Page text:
3 October 2008. A significant change to the troubled intersection at Appleton Dock Road is expected to get underway this weekend with removal of a section of the road barrier.
The current height and size of the barrier is a major contributor to the safety problem on overpass because it restricts riders' vision of turning vehicles in the slip lane.
It is expected that the removal of the barrier section will improve sightlines, thus enabling the rider to see the position of vehicles further back the roadâ€”an important advantage as few trucks in the slip lane are currently signalling their intention to turn left.
Weather permitting, the work will be undertaken this weekend. Riders should expect some disruption.
Positive signs for Footscray Road overpass
26 August 2008. The State Government has ordered changes to the controversial design of the Dynon Rail overpass on Footscray Road.
Authorities have relented following a forceful campaign by Bicycle Network members, angry at the design and safety shortcomings of the bridge. As a first step the blind, sharp left turn road-crossing at the base of the overpass, heading west, will be moved about 30 metres further west.
The timing of this work step is yet to be confirmed. In the mean time care needs to be taken. The more critical issue -- the intersection with the Appleton Dock Road -- is yet to be resolved.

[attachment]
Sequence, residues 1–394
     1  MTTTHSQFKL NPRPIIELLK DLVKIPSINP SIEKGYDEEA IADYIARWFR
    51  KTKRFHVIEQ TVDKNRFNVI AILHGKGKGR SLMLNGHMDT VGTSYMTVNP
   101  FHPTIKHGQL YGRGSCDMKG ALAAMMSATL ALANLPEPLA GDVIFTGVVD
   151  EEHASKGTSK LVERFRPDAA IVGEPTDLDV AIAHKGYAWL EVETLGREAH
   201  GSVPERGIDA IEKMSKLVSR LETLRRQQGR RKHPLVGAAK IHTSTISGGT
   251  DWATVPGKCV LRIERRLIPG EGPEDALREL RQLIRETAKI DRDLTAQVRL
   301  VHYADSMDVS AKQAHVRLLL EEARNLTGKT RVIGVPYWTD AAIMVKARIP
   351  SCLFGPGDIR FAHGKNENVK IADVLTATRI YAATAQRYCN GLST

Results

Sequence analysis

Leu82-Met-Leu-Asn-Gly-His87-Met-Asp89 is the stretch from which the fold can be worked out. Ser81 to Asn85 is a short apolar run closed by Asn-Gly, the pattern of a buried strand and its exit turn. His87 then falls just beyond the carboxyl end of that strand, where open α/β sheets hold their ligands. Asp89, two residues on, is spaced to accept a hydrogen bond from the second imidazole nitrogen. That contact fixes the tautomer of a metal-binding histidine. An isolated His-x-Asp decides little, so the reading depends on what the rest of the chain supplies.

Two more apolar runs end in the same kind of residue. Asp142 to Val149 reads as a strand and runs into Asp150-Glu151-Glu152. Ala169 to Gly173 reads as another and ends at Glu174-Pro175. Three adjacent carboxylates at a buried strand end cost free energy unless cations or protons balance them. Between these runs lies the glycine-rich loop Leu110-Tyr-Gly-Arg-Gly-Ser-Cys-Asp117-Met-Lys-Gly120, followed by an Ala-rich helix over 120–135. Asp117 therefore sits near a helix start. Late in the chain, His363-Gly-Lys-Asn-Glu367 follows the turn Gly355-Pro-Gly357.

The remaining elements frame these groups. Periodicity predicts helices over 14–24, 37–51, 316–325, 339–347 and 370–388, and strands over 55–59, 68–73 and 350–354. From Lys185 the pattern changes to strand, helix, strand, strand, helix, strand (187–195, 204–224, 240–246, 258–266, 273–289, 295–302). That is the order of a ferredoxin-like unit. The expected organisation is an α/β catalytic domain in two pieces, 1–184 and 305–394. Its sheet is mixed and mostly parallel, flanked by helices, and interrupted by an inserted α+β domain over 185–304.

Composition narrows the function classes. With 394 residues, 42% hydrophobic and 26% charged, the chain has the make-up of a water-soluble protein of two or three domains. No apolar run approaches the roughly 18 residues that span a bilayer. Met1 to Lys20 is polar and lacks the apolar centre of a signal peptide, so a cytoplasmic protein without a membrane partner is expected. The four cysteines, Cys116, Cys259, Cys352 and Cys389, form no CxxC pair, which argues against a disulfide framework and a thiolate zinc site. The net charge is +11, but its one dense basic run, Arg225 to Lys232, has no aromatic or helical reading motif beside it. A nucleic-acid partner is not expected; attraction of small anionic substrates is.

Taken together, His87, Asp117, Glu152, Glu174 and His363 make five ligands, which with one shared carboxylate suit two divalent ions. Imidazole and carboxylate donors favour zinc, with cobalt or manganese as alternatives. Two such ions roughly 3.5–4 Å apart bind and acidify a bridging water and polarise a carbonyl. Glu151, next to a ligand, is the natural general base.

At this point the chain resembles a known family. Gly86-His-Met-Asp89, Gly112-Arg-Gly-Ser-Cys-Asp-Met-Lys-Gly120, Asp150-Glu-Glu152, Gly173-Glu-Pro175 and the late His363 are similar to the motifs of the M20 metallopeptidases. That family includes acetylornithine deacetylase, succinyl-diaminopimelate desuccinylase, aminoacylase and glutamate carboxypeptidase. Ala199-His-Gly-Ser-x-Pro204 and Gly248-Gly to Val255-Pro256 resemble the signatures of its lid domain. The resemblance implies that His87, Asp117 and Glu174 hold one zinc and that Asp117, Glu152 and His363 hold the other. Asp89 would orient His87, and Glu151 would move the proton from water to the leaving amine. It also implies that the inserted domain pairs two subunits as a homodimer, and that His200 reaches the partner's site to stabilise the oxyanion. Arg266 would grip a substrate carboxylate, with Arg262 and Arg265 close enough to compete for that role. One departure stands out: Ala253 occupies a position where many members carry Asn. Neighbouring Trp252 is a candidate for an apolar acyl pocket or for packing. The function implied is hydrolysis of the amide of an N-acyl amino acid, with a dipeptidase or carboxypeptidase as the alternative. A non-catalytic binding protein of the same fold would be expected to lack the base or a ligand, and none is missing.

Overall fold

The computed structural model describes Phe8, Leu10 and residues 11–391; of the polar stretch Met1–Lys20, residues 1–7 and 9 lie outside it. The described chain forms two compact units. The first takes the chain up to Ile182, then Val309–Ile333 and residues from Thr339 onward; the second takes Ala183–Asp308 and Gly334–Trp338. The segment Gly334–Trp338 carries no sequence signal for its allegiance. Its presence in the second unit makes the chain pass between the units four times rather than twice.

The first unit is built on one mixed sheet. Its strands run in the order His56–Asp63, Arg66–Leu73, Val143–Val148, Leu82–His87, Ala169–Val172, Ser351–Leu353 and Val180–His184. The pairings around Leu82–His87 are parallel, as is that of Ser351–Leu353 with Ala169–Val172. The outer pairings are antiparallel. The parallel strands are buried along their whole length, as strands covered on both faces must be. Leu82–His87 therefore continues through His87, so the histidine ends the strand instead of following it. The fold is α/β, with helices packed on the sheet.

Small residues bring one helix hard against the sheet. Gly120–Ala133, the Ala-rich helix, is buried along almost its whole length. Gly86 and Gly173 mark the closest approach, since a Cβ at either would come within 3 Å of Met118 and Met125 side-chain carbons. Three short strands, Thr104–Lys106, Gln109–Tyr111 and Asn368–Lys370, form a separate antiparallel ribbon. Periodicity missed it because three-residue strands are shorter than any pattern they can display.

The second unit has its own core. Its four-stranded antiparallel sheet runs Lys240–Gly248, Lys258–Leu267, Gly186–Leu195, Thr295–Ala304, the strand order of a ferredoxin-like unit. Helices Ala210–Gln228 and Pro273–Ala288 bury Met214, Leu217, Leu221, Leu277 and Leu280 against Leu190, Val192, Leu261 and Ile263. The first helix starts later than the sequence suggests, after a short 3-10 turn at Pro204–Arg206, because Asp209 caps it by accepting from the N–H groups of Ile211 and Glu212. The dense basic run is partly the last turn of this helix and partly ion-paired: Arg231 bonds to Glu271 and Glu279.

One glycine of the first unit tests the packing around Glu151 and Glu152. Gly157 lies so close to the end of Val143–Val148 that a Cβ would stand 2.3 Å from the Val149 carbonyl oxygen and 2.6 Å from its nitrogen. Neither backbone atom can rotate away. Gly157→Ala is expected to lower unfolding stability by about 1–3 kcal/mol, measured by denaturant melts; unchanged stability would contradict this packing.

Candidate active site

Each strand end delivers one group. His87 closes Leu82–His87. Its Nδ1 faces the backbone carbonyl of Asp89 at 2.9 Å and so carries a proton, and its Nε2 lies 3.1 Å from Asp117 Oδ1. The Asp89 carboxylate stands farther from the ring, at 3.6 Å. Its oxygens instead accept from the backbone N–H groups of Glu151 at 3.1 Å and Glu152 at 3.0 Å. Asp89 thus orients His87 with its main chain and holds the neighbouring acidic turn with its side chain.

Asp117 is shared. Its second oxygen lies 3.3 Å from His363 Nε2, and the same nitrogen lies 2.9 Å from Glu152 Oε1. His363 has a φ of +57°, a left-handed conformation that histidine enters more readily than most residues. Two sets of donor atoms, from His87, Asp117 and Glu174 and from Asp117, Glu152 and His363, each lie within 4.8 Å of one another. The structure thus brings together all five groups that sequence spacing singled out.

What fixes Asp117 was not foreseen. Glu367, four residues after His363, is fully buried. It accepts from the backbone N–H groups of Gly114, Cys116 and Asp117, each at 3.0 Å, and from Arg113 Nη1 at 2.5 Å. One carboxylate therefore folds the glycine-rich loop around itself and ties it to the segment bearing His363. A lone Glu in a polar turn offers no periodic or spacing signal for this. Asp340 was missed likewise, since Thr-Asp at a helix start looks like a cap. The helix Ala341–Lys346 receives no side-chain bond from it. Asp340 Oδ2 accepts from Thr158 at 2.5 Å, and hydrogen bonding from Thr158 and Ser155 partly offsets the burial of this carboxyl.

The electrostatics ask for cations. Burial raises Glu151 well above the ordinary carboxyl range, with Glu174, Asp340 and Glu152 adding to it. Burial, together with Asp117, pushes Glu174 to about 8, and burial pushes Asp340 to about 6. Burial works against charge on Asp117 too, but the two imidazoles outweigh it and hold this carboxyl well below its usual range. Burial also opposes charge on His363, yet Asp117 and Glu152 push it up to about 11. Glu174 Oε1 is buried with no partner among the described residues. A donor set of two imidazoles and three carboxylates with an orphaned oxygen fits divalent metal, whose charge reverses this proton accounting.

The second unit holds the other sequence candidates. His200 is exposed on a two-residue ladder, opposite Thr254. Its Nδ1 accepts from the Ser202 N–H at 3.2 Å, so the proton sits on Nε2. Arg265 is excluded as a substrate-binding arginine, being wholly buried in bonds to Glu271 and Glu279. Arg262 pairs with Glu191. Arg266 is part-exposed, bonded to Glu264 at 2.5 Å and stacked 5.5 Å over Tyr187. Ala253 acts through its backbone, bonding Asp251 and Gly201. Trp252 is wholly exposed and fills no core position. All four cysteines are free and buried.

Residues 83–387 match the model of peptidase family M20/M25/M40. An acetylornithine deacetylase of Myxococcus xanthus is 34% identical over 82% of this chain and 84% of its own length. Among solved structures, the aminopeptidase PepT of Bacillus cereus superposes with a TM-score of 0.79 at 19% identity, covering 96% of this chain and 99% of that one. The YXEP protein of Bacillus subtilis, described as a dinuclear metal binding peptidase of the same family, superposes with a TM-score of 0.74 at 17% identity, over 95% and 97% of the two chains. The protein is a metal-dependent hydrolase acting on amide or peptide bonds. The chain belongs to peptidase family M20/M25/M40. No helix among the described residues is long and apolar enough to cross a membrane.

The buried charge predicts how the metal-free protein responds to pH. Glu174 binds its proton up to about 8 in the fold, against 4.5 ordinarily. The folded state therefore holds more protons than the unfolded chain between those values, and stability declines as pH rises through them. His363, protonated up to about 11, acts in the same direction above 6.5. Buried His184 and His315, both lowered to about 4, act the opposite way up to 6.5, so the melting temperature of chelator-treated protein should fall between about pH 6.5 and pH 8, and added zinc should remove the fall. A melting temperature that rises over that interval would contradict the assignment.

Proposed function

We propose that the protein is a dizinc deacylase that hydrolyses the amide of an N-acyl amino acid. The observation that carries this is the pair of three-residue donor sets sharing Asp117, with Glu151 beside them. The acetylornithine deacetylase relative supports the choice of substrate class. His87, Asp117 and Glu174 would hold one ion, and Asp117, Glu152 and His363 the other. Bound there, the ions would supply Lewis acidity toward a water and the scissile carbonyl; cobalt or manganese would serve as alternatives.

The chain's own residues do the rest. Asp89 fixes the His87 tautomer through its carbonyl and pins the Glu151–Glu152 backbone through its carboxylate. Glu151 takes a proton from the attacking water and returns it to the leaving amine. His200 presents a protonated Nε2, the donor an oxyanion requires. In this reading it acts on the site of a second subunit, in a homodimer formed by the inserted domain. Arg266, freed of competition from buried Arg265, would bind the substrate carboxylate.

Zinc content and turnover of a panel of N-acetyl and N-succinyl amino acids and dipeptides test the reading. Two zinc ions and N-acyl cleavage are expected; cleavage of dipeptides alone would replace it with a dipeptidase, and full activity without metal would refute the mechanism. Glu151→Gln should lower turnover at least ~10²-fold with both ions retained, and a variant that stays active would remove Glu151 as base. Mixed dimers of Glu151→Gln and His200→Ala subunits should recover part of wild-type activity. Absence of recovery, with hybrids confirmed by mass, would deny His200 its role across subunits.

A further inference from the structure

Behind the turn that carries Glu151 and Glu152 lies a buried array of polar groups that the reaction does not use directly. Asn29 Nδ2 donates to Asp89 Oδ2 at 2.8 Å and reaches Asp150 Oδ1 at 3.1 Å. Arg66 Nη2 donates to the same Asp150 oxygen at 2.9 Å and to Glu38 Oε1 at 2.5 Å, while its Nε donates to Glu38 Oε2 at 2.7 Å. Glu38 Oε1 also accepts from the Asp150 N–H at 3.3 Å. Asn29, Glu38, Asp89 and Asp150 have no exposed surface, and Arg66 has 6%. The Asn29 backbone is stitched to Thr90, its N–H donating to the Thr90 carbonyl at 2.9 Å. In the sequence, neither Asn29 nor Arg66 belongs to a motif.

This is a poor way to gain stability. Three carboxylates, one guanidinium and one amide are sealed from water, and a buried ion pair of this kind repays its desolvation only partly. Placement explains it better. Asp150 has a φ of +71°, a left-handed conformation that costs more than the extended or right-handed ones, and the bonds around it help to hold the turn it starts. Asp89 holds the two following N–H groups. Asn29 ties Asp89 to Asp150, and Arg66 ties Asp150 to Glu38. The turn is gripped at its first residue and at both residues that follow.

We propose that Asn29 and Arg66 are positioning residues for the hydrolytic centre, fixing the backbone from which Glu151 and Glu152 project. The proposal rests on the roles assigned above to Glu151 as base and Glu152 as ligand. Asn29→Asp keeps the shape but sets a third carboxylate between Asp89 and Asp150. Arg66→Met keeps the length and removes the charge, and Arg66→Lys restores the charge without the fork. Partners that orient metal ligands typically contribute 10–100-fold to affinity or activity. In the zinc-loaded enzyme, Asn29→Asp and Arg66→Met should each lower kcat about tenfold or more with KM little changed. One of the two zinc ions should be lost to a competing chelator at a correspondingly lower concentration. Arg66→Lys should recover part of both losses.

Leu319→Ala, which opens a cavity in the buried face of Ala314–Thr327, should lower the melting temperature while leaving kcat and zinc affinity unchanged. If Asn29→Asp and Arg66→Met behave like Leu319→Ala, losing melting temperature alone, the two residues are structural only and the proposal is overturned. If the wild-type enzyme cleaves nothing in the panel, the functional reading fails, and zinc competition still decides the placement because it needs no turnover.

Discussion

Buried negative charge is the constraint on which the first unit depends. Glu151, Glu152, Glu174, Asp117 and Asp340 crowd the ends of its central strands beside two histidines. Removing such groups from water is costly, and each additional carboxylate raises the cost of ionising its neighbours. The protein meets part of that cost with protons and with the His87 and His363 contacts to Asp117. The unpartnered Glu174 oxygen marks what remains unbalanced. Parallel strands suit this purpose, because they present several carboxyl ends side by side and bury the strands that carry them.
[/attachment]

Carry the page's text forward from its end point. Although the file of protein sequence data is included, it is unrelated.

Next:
The Department of Transport has agreed to review the intersection design and examine options for improvement. This is a major achievement. Although Bicycle Network is involved, we have no indication yet whether or not the solution will be satisfactory.
As an interim measure temporary give way signs and cyclist stop-hold bars will be installed.
Million dollar bridge fails expectations
19 August 2008 We have received the following response from the Department of Transport. We have been conducting ongoing discussions at various levels of government over this issue.
Whilst our main focus has been on the Appleton Dockyard Rd intersection, the western end crossing appears to be progressing with potentially positive news coming soon. To be kept up to date, click on 'Email me updates' above.
4 August 2008. Serious design shortcomings have been revealed as the massive Footscray Road - Appleton Dock overpass nears completion.
As currently implemented, certain traffic engineering options have significantly and unnecessarily increased risks for bike riders and pedestrians.
An uncontrolled, busy crossing at the top of the overpass, and a sharp, restricted-visibility, right-angled turn at the base of an incline, are of particular concern.
Bicycle Network raised specific concerns about both of these issues during the consultation phase of the project. Our expectations that they would be addressed have not been met.
The good news is that modifications are feasible and an acceptable result is still possible. The overall project still has many months ahead of it.
Bicycle Network has been on site with representatives of the Department of Transport and Leighton contractors, documenting the problems. You can see the examples in the photographs on this page (right).
It is glaringly obvious to anyone who has ridden the overpass in recent days that the current design is far from satisfactory. We have had many reports from riders anxious about their welfare.